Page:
We are not the only ones who feel strongly about the allegations made by Oceana, here are some similar articles and places they are being published…
California Wetfish Producers Intervene in Lawsuit in Opposition to Oceana
The following was released by the California Wetfish Producers Association:
Monterey, Calif. – Feb 22, 2012 – The California Wetfish Producers Association, a non-profit association promoting sustainable marine resources and fishing communities, announced today that it is working with a diverse group – including the City of Monterey and the Ventura Port District – to challenge a federal lawsuit by Oceana that would decimate California’s historic wetfish industry.
The group filed to intervene as defendants in the ongoing case by Earthjustice, representing Oceana, against the Secretary of Commerce, National Oceanic and Atmospheric Administration and the National Marine Fisheries Service.
Squid and sardine fishing is no danger to species in Monterey Bay
The Monterey Bay region’s healthiest fisheries are under attack by extremists. Touting studies with faulty calculations, activists have been trying to persuade federal regulators to massively curtail sardine limits, if not ban fishing outright. But the science doesn’t support their conclusions.
Today’s fishery management of coastal pelagic species along the West Coast portion of the California Current Ecosystem is recognized as the most protective in the world, one of only a few areas that’s deemed sustainable by internationally recognized scientists. This is not a newly implemented strategy. The state and federal government established guidelines more than a decade ago for coastal pelagic species harvested in California and on the West Coast, maintaining at least 75 percent of the fish in the ocean to ensure a resilient core biomass for other marine species.
Oceana is wrong about forage fish
Regarding the recent op-ed by Oceana on forage fish management, this is just more incompetent baloney. I don’t know who is advising Oceana on these science questions, but it is plain that it didn’t comprehend the Lenfest report. This report clearly calls out West Coast forage fish management as highly precautionary and the best in the world.
Oceana’s science arguments, claiming that sardines are being overfished, have been subjected to peer review and don’t hold up. Oceana tried to get a forage bill through the Legislature last year, but it had so many problems it didn’t pass, thank goodness. Many of us are working with the Fish and Game Commission to develop a state forage policy that has a scientific basis. Oceana wants to kill our fisheries, even when they are sustainable.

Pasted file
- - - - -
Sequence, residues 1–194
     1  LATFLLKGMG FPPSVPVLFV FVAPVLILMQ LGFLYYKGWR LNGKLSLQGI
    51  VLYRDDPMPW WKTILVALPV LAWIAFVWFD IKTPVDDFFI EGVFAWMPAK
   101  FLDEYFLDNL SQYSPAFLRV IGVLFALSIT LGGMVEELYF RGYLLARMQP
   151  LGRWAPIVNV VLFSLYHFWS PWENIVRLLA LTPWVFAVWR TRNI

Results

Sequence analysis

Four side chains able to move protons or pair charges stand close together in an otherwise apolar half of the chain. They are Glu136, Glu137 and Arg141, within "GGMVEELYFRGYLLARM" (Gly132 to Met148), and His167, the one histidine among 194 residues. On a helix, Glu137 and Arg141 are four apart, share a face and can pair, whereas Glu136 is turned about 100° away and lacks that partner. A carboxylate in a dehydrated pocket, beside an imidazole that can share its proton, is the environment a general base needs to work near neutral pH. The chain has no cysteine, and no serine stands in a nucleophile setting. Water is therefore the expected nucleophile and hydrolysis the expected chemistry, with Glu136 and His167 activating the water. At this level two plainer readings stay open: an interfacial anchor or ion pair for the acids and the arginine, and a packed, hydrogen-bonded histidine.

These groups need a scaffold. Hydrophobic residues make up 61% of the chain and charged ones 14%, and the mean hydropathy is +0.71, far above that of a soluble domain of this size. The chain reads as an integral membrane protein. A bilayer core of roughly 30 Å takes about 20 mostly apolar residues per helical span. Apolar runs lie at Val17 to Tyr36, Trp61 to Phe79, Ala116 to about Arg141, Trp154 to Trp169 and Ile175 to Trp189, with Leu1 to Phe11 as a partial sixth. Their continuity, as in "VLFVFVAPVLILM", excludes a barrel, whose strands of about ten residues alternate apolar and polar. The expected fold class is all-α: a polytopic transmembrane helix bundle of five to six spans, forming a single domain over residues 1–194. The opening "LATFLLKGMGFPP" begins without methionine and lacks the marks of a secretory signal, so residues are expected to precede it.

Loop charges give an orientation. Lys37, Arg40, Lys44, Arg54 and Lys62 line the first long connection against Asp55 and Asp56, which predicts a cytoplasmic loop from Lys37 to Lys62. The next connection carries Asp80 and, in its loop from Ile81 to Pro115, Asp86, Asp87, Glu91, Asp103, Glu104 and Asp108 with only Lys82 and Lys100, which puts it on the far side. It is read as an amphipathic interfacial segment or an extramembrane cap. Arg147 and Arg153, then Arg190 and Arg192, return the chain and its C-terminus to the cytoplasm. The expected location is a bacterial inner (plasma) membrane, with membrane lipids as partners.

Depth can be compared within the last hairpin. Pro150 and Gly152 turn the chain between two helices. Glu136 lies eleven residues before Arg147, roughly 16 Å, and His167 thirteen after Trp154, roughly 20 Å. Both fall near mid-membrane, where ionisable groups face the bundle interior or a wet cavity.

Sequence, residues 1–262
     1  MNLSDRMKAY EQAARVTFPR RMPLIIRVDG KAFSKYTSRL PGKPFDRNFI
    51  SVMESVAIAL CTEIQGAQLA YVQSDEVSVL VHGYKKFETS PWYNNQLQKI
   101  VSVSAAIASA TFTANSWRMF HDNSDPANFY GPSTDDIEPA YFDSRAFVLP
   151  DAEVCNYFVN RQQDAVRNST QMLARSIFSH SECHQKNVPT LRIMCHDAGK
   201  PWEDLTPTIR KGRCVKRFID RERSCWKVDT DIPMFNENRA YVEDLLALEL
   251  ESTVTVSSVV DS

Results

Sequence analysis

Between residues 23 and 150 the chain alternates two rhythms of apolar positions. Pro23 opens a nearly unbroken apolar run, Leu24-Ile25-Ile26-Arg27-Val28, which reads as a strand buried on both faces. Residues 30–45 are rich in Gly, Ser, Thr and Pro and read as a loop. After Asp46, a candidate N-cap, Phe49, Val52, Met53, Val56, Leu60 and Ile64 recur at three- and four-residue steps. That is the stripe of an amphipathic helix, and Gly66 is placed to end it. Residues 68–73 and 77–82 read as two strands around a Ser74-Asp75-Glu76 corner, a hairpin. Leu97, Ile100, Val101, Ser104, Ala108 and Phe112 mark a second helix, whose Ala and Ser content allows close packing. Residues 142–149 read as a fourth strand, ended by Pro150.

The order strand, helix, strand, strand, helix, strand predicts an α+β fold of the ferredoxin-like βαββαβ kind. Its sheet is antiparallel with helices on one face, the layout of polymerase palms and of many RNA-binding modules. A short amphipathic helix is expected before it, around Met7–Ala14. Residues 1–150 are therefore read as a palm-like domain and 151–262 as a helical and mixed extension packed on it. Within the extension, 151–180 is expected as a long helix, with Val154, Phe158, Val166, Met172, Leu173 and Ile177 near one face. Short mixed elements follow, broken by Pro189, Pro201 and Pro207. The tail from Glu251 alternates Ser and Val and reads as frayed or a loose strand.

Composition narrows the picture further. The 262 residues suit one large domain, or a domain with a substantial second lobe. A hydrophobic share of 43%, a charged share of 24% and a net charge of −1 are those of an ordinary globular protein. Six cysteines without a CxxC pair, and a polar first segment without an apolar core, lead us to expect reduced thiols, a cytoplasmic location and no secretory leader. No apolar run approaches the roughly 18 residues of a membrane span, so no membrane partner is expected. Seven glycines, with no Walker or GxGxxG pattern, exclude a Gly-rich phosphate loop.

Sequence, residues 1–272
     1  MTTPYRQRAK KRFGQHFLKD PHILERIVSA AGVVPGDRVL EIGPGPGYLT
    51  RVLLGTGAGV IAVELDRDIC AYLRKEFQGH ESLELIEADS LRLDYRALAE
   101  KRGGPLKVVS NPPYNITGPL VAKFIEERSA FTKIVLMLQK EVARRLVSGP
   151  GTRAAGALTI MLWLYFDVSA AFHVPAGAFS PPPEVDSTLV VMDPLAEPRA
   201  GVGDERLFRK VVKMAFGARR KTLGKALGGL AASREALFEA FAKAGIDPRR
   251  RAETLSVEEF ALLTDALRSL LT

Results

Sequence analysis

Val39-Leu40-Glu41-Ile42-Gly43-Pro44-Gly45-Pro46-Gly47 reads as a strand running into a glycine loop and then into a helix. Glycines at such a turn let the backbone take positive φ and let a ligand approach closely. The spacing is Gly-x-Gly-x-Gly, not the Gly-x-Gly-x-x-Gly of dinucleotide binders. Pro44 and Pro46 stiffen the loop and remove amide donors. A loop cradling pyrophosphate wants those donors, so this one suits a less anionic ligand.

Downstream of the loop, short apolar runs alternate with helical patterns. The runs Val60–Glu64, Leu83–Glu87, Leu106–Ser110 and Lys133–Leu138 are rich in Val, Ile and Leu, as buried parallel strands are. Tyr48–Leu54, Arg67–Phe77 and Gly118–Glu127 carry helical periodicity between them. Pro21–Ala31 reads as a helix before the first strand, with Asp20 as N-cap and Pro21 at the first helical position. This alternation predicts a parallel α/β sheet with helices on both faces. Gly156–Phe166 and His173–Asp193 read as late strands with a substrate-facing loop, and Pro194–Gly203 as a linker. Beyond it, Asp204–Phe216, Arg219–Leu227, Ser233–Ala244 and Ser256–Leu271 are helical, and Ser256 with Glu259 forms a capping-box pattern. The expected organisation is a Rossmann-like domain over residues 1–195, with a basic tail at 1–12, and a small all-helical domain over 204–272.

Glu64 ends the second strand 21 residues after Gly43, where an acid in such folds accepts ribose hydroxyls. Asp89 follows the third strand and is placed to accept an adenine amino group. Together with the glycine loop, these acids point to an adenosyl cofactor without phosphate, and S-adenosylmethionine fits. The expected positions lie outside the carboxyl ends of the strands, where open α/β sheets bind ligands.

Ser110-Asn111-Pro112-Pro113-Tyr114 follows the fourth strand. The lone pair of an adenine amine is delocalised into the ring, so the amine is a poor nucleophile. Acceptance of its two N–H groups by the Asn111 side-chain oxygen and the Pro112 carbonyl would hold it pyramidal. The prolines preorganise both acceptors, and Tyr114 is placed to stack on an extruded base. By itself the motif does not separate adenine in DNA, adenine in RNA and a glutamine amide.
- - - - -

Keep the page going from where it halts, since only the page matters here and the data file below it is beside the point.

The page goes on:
Alliance of Communities for Sustainable Fisheries
Monterey County Herald
Fishermen fight suit over forage limits; battle set over state’s dominant fisheries
Joined by Monterey officials, California’s wetfish producers are fighting a lawsuit that aims for greater protections for anchovies, sardines and squid, setting the stage for a major battle over one of the state’s dominant fisheries.
So-called “wetfish,” also known as forage fish, live near the bottom of the food chain but make up a substantial percentage of California’s commercial catch, including 97 percent of all landings in Moss Landing and Monterey. In December, environmentalists filed suit to change how the federal government manages those fisheries.
Mercury News, Santa Cruz Sentinel
California is global leader in managing forage fish
More than 150 years ago, immigrant Chinese fishermen launched sampans into the chilly waters of Monterey Bay to capture squid. The Bay also lured fishermen fromSicily and other Mediterranean countries, who brought round-haul nets to fish for sardines.
This was the beginning of the largest fishery in the western hemisphere – California’s famed ‘wetfish’ industry, imprinted on our collective conscience by writers like John Steinbeck.
Who doesn’t remember Cannery Row?
Capitol Weekly, North County Times
What Makes A Fishery “Viable”?
To no one’s surprise, environmentalists and industry lobbyists are butting heads in a major legal wrangle over California’s “wetfish”–sardines, anchovies, mackerel, and market squid. As you may recall, the pretty little market squid is the state’s single biggest fishery:
And it’s not just humans who like to eat them–they’re a major food source for sea lions, seals, seabirds, sharks, etc. According to the Mercury News, Oceana is now suing to “force the federal government to consider impacts on the broader marine ecosystem when setting limits.” If Oceana wins, then when the Feds decide how many squid fishermen can catch, they would have to factor in the needs of all the other animals that like to eat squid.